Way off the beaten path of the greater Orlando area, about ten miles from I-4, is the Lake Norris Conservation Area (LNCA) on Lake Norris Road in Eustis. The public park is essentially a horse trail that passes by Lake Norris amidst a 2,352-acre natural preserve in the middle of nowhere. There are no restrooms, paved paths, mileage markers, lights or buildings. Instead, there are lots of cows, trees, open fields and gorgeous lakes.
The LNCA is owned by the St. Johns River Water Management District, which oversees it in cooperation with the Lake County Water Authority. It was purchased from private and commercial entities in three separate transactions from 1996 through 2002 and the most recent purchase, a former sand mine in the far western section, is currently undergoing reclamation to restore the land to its natural state.
It features the Blackwater Creek, which flows under Lake Norris Road on its way to Lake Norris. The creek is home to a host of wildlife including river otters, alligators, turtles and snakes and the entire area is a virtual safari of rare birds, coyote, deer and bear. It is not for the faint of heart as far as hikers are concerned as there is only one way in and one way out, with miles and miles of terrain that can easily lead a careless visitor into a circular abyss.
The entrance way is a grass-covered drive a couple hundred yards long leading to a singular kiosk with a map and sign-in sheet to welcome visitors. A private driveway leads into the preserve, which has a private home and farm off to one side, but other than that its travel via horse or foot. No unauthorized motor vehicles are allowed and the area is cordoned off by cattle fencing with gates for visitors to pass through with friendly reminders to close them once through to keep the big black cows from escaping.
A scout camp is situated next to the entrance to Lake Norris, visible only by a few stored canoes and a rain shelter for the campsite. The entrance to the lake is stunning, with hundreds of centuries-old cypress trees and knees poking out of the pristine waters. A few remnants of a long-eroded dock remain as the only sign of human intrusion.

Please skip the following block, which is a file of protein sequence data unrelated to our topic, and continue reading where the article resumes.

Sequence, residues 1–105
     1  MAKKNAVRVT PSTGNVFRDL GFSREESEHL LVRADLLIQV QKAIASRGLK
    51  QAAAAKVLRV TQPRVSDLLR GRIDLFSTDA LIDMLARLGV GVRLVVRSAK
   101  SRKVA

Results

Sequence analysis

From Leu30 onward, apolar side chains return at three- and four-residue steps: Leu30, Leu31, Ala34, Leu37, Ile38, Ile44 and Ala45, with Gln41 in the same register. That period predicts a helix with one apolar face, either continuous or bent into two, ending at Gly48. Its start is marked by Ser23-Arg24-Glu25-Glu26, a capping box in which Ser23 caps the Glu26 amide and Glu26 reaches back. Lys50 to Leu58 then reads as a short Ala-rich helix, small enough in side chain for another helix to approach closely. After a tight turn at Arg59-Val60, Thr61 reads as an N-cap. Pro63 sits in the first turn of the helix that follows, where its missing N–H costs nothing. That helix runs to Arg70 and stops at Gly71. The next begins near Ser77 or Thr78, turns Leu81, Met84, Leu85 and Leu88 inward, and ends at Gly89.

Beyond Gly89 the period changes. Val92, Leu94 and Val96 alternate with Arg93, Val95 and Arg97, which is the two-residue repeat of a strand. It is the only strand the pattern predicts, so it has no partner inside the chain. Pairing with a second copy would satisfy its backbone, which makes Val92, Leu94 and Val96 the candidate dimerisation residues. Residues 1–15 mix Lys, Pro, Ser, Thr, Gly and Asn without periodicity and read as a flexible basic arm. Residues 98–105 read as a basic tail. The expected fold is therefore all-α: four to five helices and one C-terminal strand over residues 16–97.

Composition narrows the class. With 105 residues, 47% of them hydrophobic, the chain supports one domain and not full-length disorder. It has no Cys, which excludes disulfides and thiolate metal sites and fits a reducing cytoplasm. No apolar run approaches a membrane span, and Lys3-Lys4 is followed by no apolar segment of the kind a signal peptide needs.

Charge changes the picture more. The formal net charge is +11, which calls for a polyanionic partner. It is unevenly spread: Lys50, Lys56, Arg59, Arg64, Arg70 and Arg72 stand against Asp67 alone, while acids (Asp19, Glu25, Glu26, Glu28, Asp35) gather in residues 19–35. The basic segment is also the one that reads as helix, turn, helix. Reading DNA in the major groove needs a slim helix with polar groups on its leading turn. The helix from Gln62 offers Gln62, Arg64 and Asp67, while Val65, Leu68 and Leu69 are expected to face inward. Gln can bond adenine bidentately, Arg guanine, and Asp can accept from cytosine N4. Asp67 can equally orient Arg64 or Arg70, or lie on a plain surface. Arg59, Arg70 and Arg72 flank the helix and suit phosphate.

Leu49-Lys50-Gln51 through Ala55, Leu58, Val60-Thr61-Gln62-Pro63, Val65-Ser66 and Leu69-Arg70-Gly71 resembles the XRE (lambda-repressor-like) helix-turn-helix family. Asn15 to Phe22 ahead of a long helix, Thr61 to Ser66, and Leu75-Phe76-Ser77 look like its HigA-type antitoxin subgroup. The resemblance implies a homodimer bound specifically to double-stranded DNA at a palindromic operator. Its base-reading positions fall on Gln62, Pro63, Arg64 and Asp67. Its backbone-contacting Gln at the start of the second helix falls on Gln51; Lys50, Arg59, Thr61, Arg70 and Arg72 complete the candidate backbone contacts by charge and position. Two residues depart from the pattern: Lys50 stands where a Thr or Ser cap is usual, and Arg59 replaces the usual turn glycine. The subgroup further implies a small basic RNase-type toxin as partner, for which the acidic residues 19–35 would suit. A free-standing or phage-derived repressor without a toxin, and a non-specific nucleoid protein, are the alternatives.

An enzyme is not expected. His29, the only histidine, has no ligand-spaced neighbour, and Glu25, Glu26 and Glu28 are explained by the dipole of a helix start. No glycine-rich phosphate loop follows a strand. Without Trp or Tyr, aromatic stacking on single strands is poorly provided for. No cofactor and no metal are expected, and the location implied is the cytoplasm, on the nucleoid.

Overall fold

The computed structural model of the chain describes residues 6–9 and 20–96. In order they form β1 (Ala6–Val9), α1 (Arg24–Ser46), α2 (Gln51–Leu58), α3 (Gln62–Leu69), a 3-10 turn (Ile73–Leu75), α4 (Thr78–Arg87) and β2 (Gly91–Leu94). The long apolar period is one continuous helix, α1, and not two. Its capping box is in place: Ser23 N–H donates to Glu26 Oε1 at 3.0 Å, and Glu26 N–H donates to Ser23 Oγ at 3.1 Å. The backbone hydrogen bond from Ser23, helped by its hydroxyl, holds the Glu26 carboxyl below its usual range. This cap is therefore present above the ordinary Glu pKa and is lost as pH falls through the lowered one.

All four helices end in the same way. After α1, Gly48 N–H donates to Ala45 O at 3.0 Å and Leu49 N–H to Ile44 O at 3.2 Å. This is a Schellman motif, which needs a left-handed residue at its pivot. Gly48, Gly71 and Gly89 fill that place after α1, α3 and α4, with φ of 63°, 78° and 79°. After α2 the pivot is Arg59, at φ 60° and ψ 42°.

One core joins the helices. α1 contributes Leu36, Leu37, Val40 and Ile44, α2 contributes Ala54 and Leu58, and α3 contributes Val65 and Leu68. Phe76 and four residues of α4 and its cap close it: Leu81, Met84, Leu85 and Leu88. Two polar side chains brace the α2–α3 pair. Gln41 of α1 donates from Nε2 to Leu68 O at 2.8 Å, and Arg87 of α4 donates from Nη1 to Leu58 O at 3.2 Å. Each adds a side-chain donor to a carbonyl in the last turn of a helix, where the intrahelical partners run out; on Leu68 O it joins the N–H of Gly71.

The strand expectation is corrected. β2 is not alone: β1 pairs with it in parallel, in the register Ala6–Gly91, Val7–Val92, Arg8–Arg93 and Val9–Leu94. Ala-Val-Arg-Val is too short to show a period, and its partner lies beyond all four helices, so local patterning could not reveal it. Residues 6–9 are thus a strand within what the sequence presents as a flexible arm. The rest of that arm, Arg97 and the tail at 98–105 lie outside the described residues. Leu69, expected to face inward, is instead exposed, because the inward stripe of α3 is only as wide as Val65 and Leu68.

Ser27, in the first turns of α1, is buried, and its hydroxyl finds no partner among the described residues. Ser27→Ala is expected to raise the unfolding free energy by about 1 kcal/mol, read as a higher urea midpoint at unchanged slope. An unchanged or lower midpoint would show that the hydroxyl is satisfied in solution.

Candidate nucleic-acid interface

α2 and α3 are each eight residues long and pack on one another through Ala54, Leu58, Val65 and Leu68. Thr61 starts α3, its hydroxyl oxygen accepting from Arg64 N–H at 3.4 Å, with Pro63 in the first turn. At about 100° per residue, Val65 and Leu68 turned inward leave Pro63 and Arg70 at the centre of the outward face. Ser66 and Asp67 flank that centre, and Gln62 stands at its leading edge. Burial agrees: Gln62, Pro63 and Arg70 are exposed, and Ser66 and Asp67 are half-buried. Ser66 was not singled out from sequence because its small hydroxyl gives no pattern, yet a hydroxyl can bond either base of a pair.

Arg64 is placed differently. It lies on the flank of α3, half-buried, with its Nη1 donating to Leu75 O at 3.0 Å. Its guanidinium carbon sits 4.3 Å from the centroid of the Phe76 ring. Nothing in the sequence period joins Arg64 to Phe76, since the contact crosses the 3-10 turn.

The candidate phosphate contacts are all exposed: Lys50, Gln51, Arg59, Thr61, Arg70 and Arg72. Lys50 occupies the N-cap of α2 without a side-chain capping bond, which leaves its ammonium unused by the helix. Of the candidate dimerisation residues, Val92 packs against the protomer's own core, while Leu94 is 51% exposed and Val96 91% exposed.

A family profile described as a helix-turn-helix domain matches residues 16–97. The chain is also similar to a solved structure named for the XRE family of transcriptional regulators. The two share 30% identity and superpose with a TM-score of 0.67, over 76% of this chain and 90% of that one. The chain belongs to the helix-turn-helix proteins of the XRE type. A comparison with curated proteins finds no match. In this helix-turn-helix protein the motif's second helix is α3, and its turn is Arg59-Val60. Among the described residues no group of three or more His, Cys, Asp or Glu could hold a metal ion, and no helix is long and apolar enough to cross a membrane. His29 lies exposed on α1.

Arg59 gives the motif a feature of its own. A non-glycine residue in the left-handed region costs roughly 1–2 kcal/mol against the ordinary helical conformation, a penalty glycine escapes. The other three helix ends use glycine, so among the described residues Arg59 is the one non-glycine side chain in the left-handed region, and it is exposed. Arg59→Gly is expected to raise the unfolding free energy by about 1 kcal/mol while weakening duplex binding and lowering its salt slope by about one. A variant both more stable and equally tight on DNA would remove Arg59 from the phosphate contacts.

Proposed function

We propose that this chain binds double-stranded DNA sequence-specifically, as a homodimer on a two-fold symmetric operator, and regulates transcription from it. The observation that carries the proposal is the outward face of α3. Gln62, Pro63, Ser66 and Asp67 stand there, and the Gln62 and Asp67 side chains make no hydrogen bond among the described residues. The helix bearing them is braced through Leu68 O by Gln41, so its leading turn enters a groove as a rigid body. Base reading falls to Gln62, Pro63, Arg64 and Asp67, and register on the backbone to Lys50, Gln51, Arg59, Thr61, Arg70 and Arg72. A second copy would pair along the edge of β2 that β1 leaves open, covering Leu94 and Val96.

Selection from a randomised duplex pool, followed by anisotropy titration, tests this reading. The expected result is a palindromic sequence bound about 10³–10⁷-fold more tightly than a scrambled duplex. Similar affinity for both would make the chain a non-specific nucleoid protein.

According to locals, Lake Norris is filled with some of the best freshwater fishing in Central Florida, as well as hundreds of sturdy gators to protect them. In many dozens of visits this reporter has yet to see a boat on the water or any sign of a recent camp out, let alone any litter, bait canisters, beer bottles or vandalism.
A hike to the far west of the park is an arduous one on foot as the terrain is soft white sand for much of the trek, the only respite being long stretches of grass that cows and horses have yet to grind into sand. The atmosphere is as quiet as can be, interrupted only by the sounds of birds and animals scampering across the leaves and the occasional moo.
As stated earlier, this is a potentially treacherous venture considering the presence of snakes, coyotes and bear as well as sweltering heat during much of the year. If an injury were to occur, it’s a long walk back to the entrance and cell phone coverage is intermittent. There is no fast way back to base other than in a four-wheel drive vehicle or on a horse. Mountain biking would be nearly impossible for a long stretch as the sand is too soft and deep, the result of years of hoofed creatures making their way through and the hot sun burning away anything green.
For the strong runner, this can be an exciting and challenging course. With plenty of hops and skips, it is possible to complete many miles through the park, giving for the occasional stop to clear the sand out of the shoes. A mile run through here takes the effort of two on pavement. It is ideal for a spirited hike with appropriate footwear, with an endless amount of scenery to sooth the senses. For those knowledgeable of nature and wildlife, even better, as evidence of all sorts of animals, evolution and botanical history are present throughout.
Patricia Burgos, Environmental Program Manager for the LCWA, notes that the area is ideal for canoeists. The launch area is in Blackwater Creek a few yards away from the kiosk at the entrance to the LNCA.
“That is one area that I highly recommend,” she said. “It’s a great way to see river otter, osprey and other exotic wildlife and it’s an ideal location for the first-time paddler.”
Just let someone know where and when a visit to the park will be made, sign in, bring plenty of water and keep the eyes and ears open at all times. And thank the Lake County Water Authority and the St. Johns River Water Management District.
LNCA Trail Map
See also: BobDeakin.com